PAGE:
Although cycling plays a valuable role in many people’s lives, for the Veterans drawn to Project Hero, the stakes can be much higher.

“We’re trying to reduce suicide rates, and we have good data to show we’re successful,” said Setter. “A lot of these men and women have vices, unhealthy ways of coping with their PTSD, TBIs, or physical challenges. As they start coming to rides a few times a week, they realize those vices make it hard to take part. What we see, by focusing on the riding and community, is that some Veterans organically push away from their vices so they can ride better.”

According to internal survey data, 62% of participants reported a decrease or elimination of prescription drug use, 83% reported reduced frequency of PTSD-related stress attacks, and 89% reported improved sleep.

Consistency and engagement are important factors for achieving Project Hero’s mission: To save lives by providing hope, recovery, and resilience for those who serve our country. On a local level, there are more than 55 Project Hero HUBs in communities nationwide. These Veteran-led chapters organize multiple group rides each week to provide Veterans at all stages of healing with opportunities to exercise and connect with peers.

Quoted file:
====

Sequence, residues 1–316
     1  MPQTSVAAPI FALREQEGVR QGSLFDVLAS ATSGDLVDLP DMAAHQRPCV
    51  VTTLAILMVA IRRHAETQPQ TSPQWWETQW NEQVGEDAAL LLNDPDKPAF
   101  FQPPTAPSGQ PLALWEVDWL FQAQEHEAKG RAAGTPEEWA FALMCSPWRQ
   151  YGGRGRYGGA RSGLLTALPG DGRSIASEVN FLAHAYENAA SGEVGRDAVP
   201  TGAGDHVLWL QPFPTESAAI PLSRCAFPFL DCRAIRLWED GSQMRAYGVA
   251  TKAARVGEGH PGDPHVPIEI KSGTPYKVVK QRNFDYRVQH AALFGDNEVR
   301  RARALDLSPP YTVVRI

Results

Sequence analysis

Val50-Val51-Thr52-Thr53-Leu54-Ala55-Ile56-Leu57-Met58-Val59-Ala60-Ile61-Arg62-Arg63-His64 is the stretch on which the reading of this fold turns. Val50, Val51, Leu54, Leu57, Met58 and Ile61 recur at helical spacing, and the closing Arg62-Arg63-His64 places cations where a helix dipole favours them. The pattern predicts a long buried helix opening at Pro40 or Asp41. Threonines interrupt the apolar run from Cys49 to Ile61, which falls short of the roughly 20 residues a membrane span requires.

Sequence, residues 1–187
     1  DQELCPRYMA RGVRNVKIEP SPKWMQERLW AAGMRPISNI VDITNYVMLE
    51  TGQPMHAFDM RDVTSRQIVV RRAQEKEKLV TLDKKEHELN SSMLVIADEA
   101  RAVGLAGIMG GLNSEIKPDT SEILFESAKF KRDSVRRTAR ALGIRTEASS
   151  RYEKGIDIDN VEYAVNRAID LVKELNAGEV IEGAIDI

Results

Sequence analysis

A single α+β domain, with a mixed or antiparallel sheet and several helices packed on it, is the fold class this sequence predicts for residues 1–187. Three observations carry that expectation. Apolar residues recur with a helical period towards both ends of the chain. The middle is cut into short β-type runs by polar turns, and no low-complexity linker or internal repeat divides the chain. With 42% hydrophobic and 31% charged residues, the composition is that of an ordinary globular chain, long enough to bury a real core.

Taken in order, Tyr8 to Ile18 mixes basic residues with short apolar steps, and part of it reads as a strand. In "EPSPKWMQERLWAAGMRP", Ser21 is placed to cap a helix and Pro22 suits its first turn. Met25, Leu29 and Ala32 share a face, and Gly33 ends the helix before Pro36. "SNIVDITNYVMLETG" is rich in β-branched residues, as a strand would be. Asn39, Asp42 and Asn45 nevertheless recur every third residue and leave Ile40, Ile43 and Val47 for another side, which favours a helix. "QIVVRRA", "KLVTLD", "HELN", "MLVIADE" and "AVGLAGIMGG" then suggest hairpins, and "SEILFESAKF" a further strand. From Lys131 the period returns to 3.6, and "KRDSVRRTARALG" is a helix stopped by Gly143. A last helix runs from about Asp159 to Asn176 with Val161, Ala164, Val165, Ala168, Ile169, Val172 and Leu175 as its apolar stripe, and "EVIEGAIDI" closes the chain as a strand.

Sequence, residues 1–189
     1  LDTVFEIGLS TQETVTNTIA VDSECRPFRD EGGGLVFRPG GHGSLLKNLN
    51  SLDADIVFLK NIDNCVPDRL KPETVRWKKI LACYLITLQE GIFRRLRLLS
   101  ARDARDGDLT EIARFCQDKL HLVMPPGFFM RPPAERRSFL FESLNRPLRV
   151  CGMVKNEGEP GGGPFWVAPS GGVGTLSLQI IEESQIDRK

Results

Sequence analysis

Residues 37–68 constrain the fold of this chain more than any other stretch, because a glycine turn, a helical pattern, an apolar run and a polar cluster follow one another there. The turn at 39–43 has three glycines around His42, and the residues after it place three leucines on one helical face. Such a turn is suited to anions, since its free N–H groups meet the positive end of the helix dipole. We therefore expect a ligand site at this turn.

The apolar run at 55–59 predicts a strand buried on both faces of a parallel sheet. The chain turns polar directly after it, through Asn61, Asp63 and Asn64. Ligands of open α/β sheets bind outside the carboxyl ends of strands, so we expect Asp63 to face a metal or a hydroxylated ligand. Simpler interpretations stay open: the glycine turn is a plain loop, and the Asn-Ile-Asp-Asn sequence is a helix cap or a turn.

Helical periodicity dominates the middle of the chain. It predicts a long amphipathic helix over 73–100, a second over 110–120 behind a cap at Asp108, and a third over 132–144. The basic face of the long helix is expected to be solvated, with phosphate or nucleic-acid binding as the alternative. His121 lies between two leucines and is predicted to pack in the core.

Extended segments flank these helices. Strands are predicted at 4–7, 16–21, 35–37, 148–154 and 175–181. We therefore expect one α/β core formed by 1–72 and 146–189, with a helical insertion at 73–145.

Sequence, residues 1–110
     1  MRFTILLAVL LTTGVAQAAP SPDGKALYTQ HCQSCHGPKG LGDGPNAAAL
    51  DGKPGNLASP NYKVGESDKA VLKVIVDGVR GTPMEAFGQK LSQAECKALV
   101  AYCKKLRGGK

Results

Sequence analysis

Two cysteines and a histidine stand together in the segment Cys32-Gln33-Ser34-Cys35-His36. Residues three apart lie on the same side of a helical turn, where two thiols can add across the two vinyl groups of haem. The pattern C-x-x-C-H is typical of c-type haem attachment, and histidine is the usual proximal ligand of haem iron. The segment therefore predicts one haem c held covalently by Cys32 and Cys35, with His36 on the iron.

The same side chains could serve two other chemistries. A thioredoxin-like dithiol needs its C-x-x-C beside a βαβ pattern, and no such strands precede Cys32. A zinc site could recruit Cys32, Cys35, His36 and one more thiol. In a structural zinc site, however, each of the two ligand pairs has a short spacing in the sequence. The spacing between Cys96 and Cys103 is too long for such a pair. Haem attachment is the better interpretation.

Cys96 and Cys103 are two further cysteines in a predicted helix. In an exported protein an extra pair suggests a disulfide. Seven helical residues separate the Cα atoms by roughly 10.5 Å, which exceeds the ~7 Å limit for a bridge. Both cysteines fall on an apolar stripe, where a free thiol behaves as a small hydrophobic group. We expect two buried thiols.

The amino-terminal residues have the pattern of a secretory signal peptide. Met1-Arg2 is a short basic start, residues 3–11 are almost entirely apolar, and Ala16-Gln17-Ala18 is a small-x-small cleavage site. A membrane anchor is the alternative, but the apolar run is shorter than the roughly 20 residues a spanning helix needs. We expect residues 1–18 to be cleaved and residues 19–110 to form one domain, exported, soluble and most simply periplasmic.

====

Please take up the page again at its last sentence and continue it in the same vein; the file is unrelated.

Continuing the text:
Pandemic Challenges Lead to Great Opportunities

As the pandemic began in 2020, Project Hero was already working with the Rouvy app to start virtual group rides. They chose Rouvy specifically because it features video routes and offered the opportunity to integrate route videos from Project Hero Challenge rides. To facilitate conversation, which fulfills an important therapeutic role, Project Hero dedicated one of their conference lines to be open to everyone during the rides. The women-only groups took the virtual rides to another level. They encouraged female Veterans and First Responders to call in to the conference line while doing any activity, including walking, running, hiking, and weightlifting. As a result, the conference line is open to all Project Hero participants – doing anything, or nothing – during all virtual group activities.

How to Get Involved